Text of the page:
However, all news, even good news, comes with unknowns and questions to be answered. First of all, why did Pfizer release this information before completion of their trial? At the moment, we only know that the vaccine is protective 28 days after administration of the first shot (of a two-dose schedule). How long will the protection last? Will all types of people be protected? What about people with co-morbidities? What about people who are overweight? The study has not yet reached its target (it is due to be halted when 160 people have become infected) and so has not been written up in a formal paper, submitted to a journal and undergone peer-review.

Has it been performed as rigorously as we would like? Have any shortcuts been taken? The initial results have been reported so early in the trial, it is unlikely that the 90 per cent efficacy will be maintained. Was news of this particular vaccine success released early because there were rumours that data from other vaccine trials might be equally exciting?

Even if the news about this vaccine continues to be good, enormous obstacles will have to be overcome before we can be sure a Covid-19 immunisation programme will actually rid the planet of the virus, just as small pox vaccination got rid of the variola virus. For this to happen, enough people must be made immune to Covid-19 so that the virus cannot survive in the population and we achieve herd immunity. The logistics of making enough vaccine of high quality for a global immunisation programme are significant.

Distribution of a vaccine that requires being held at minus 70 to 80 degrees presents more obvious problems (though seemingly solutions are already being proposed which involve specially designed cases that can hold “dry ice”/solid carbon dioxide). Then, where should the vaccine be administered and by whom? (It requires two doses by injection which of course requires special expertise and equipment).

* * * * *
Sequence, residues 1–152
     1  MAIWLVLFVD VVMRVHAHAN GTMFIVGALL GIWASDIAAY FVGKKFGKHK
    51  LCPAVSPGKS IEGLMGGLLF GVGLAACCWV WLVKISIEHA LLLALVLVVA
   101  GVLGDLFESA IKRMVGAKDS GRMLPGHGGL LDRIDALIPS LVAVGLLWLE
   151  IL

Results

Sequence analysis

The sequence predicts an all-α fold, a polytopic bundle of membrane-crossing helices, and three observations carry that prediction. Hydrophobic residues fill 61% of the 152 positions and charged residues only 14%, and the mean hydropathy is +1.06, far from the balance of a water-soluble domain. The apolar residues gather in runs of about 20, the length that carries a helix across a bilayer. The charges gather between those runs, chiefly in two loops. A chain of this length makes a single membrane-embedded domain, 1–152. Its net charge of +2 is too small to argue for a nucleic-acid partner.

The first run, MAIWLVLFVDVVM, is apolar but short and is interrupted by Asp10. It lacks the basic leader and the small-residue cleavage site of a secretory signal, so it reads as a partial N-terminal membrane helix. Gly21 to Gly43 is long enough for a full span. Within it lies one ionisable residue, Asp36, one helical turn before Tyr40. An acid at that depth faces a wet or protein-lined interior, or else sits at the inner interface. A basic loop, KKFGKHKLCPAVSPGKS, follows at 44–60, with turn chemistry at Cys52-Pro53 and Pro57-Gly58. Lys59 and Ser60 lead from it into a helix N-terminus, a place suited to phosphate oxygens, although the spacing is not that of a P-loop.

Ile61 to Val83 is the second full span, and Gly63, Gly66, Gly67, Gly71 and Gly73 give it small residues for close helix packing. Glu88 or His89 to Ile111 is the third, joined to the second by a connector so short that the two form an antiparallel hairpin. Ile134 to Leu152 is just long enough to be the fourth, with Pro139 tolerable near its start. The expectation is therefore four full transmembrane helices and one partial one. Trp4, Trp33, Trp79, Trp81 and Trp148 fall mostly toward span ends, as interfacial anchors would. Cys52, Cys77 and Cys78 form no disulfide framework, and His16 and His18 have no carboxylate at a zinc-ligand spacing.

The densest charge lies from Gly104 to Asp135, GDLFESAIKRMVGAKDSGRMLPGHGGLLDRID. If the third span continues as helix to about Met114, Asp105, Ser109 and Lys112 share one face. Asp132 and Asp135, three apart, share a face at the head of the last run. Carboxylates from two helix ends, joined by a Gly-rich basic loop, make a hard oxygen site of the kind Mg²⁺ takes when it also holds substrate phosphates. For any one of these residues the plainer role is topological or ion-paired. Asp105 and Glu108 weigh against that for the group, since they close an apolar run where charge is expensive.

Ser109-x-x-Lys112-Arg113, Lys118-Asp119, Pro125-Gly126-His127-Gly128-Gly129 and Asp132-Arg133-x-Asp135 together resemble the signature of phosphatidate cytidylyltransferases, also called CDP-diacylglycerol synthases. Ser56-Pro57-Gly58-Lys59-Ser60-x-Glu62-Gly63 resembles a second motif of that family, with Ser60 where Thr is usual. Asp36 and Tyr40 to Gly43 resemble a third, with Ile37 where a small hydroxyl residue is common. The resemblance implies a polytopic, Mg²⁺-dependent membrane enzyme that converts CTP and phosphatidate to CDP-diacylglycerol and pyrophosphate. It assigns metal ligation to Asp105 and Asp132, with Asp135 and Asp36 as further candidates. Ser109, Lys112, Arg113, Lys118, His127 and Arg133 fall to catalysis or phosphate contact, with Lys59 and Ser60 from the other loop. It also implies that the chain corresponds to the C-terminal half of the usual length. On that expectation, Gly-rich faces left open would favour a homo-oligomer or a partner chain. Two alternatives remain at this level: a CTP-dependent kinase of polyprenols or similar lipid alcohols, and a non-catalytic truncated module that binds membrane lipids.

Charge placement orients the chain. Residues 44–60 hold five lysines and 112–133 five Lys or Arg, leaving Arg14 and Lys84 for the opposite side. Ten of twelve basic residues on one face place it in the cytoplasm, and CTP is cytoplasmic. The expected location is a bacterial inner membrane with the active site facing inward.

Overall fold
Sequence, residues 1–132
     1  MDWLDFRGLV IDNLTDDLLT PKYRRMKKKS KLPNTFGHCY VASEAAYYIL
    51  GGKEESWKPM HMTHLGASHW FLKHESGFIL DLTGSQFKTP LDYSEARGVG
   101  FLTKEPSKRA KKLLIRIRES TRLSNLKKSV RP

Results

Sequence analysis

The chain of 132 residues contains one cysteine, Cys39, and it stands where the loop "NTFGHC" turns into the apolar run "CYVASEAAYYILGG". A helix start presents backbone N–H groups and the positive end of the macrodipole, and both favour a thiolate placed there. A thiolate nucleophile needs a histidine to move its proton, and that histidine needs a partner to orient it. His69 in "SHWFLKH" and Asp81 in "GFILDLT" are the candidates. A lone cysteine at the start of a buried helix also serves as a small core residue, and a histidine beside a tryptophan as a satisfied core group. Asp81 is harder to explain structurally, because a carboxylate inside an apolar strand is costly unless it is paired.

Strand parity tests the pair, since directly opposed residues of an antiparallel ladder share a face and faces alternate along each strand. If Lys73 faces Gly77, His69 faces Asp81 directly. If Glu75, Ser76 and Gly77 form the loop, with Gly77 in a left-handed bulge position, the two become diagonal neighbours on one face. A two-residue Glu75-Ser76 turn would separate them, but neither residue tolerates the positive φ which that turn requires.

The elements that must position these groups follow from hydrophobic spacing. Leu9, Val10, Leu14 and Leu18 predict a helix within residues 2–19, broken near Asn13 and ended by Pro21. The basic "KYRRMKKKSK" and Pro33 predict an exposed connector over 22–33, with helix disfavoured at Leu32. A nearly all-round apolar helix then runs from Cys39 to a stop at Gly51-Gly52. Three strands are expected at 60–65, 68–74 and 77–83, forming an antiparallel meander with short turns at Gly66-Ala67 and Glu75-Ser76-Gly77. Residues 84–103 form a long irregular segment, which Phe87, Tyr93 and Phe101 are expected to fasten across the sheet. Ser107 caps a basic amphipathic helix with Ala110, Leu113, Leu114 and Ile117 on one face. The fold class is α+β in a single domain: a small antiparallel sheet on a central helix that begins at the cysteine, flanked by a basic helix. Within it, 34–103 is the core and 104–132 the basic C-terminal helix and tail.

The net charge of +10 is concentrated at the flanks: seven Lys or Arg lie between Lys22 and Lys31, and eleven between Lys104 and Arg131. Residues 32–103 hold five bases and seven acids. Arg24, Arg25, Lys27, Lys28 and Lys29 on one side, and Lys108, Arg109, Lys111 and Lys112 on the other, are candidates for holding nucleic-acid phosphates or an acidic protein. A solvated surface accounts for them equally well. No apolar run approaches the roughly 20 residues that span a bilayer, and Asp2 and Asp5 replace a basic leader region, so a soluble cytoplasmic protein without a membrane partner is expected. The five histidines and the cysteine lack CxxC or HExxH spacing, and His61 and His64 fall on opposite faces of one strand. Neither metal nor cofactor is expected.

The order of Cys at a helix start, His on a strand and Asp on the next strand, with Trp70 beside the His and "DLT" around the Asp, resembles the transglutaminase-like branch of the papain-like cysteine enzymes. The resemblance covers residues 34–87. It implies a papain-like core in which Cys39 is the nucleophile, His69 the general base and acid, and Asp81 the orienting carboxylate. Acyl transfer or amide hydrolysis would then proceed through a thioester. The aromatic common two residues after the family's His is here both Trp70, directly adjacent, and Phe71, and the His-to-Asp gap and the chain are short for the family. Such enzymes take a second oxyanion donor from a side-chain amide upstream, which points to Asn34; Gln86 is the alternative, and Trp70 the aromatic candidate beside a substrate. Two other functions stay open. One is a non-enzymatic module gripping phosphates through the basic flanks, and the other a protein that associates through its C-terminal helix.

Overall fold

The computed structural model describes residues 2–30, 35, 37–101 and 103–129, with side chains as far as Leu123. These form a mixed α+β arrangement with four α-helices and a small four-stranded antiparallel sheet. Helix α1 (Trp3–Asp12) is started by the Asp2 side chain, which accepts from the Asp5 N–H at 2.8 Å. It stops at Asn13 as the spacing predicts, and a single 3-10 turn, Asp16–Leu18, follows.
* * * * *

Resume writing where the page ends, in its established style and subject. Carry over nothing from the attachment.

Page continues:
These are all practical matters that don’t even begin to address the ethical issues that surround delivery of any new vaccine during a pandemic. Who should receive the first doses of vaccine when they become available? Should the first in line be healthcare workers? The most vulnerable? The old? The poor? Children? Who should pay for it? Should all countries pay the same? Should poorer countries be subsidised?

What about personal freedom and people for whom the choice not to be vaccinated comes before societal good and the communal effort to rid the planet of the virus? A recent survey by Ipsos MRBI for the Irish Pharmaceutical Healthcare Association (IPHA) found that 12 per cent of respondents would not take a vaccine while 33 per cent were said they were unsure. If vaccine hesitancy remains at this level, we may not achieve herd immunity; what do we do then? Do we want to live in a society where we continue to be at risk of infection despite an effective vaccine? Can we insist that our doctor is vaccinated? Our bus driver? Our dentist? Our children’s teachers? Everybody on our plane? Will we have to make sure that mass testing continues for years so that we can keep track of where the virus is?

As ever, we need more studies, more data, more analysis, more interpretation. It is wonderful news that there are many promising vaccine candidates in the pipeline and undergoing trials. We need to hear more about these. It is clear that any national vaccine preparedness strategy will need major discussion if it is to get buy-in from us all. So let’s hear what is being planned and let’s talk about it – while we celebrate – a bit.

Cliona O’Farrelly is Professor of Comparative Immunology at Trinity College Dublin